U.S.-Funded Restoration Project Completes at Choijin Lama Temple

U.S.-Funded Restoration Project Completes at Choijin Lama Temple

October 13, 2023 — A multi-year project to restore part of the Choijin Lama Temple Museum in Ulaanbaatar is now complete. The work was funded by the U.S. Ambassadors Fund for Cultural Preservation (AFCP) and was performed by the New York-based World Monuments Fund (WMF) and the Arts Council of Mongolia (ACM), in collaboration with Enerjin LLC.

In his remarks at the completion ceremony, U.S. Ambassador Richard Buangan highlighted the site’s significance: “It is a symbol of Mongolia’s resilience and a testament to the importance of democracy, religious freedom, and independence. These are values that both our nations hold dear and work tirelessly to preserve.”

Built in 1908, the temple was named for the official state oracle, the Choijin Lama. The project focused on preserving the part of the complex known as the Yadam (or Hallowed Divinity) Temple, which was once a private prayer hall for the Lama. The temple is a rare surviving example of its style of religious architecture in Mongolia and was included on the 2020 World Monuments Watch due to its significance to the history of Buddhism in Mongolia. The temple is especially important because after communists took power in Mongolia, it was one of few religious sites in the country that escaped being shuttered or destroyed.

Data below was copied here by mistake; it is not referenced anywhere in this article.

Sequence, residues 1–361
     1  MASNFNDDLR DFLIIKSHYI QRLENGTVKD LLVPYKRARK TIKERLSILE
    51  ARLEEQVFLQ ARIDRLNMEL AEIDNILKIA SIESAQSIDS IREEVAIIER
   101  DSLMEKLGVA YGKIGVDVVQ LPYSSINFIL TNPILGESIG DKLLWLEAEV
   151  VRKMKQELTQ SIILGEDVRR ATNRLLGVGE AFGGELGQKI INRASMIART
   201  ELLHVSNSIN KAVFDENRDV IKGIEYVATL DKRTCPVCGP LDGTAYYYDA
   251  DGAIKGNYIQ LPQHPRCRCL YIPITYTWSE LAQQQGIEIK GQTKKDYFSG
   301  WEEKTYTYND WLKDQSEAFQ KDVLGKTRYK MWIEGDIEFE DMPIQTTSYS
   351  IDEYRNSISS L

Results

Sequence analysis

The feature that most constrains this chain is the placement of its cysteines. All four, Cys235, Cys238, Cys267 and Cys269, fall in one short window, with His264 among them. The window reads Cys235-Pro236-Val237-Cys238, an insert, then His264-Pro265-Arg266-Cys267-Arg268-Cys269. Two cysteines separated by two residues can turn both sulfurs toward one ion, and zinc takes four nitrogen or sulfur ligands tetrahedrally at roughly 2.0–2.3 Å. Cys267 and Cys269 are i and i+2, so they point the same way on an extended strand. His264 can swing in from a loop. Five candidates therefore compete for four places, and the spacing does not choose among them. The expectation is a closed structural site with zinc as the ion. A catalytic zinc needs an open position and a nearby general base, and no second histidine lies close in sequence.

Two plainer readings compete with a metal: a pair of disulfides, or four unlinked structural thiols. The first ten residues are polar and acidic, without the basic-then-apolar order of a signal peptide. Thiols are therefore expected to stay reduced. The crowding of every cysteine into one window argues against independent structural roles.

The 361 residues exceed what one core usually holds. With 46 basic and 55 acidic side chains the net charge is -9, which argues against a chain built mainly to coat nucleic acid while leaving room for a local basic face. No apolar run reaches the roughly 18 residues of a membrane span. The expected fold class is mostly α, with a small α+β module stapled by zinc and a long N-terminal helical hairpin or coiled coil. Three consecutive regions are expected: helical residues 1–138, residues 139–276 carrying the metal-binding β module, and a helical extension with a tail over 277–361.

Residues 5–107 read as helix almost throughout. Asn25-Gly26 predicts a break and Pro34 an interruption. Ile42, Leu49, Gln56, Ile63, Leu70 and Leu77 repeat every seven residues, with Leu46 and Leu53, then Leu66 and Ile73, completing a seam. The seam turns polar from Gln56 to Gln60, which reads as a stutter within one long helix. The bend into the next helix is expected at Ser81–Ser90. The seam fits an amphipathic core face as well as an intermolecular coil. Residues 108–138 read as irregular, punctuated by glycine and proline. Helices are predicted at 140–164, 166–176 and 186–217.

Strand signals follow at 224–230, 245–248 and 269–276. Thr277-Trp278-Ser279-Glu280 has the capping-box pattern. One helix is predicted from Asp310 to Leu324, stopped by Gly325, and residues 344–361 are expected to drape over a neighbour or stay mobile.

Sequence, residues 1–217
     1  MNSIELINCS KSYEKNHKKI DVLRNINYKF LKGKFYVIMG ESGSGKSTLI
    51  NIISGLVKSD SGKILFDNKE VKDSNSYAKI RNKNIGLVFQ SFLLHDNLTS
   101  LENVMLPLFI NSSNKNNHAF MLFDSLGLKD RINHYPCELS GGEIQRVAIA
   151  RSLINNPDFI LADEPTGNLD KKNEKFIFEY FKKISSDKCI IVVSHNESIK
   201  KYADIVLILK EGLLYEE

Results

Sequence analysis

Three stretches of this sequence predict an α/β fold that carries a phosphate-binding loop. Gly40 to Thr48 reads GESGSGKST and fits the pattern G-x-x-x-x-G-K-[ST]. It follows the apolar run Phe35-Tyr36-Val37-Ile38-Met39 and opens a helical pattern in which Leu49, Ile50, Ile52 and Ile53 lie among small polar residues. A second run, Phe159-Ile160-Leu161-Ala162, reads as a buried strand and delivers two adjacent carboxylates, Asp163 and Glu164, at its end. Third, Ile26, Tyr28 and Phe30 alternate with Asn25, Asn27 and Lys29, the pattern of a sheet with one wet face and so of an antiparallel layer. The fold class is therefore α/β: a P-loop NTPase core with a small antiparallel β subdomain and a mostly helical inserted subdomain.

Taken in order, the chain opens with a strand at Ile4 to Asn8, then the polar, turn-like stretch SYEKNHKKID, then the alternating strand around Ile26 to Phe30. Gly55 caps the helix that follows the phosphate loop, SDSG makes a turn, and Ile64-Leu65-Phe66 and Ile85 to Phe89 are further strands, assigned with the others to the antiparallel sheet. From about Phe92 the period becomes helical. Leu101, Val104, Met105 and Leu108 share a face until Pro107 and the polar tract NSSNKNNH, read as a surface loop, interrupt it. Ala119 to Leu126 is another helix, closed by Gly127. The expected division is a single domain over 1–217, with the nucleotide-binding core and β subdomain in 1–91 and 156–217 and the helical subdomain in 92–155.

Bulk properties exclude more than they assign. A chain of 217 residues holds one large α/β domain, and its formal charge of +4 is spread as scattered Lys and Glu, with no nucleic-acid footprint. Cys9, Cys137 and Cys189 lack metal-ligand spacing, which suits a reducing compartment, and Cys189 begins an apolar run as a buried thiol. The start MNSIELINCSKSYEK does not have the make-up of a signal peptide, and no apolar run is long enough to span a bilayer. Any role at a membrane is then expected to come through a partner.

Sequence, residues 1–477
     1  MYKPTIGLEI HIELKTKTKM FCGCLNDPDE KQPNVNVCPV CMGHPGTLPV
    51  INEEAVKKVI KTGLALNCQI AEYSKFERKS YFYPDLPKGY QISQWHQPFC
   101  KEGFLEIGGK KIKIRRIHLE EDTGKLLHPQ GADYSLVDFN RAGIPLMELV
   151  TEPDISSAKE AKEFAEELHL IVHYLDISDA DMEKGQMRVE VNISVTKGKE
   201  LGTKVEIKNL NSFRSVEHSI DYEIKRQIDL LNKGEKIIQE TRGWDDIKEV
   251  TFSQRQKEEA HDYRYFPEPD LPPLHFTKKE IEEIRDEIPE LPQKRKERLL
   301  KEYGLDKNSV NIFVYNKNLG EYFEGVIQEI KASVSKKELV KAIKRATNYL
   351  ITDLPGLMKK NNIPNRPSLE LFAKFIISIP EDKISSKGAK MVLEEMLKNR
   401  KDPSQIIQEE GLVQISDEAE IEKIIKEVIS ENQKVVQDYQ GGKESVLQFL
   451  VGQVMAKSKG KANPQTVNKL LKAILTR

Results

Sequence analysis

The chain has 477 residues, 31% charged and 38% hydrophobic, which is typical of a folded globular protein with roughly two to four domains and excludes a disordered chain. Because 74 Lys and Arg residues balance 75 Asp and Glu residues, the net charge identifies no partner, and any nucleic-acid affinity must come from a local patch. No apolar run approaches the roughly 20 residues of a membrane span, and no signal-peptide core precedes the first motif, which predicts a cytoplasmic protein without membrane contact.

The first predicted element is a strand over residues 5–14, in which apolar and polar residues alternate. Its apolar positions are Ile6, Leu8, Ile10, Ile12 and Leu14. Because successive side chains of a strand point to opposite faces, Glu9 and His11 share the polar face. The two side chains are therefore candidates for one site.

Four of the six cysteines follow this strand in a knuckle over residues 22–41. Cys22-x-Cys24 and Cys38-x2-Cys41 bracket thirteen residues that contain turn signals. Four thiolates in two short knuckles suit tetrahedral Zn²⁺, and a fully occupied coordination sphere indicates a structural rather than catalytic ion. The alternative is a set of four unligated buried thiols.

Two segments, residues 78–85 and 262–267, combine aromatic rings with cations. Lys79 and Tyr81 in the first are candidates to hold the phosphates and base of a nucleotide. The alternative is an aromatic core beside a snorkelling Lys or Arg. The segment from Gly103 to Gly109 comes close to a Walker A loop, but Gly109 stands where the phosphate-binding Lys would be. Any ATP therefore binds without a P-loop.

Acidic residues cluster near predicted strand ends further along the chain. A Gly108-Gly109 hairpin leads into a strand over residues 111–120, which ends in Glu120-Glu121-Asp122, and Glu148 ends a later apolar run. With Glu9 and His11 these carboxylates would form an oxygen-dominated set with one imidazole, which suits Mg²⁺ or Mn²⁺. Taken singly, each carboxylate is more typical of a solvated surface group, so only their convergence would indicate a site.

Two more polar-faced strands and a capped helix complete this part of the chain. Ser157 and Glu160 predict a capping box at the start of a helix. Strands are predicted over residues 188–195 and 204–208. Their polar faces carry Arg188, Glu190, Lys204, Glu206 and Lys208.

Since 2001, the United States has invested more than $2.5 million through the AFCP to preserve Mongolia’s cultural heritage. In addition to the Yadam Temple, the fund has supported work to restore Amarbayasgalant Monastery, a leopard skin ger in the Bogd Khaan Museum, Bronze Age deer stones around Khanui Valley, among other important pieces of Mongolia’s history and culture.

“We are committed to continuing this fund to support important projects,” said Ambassador Buangan. “It is important that our two countries continue to work together to safeguard Mongolian heritage so generations to come can learn from and connect with their history and values.”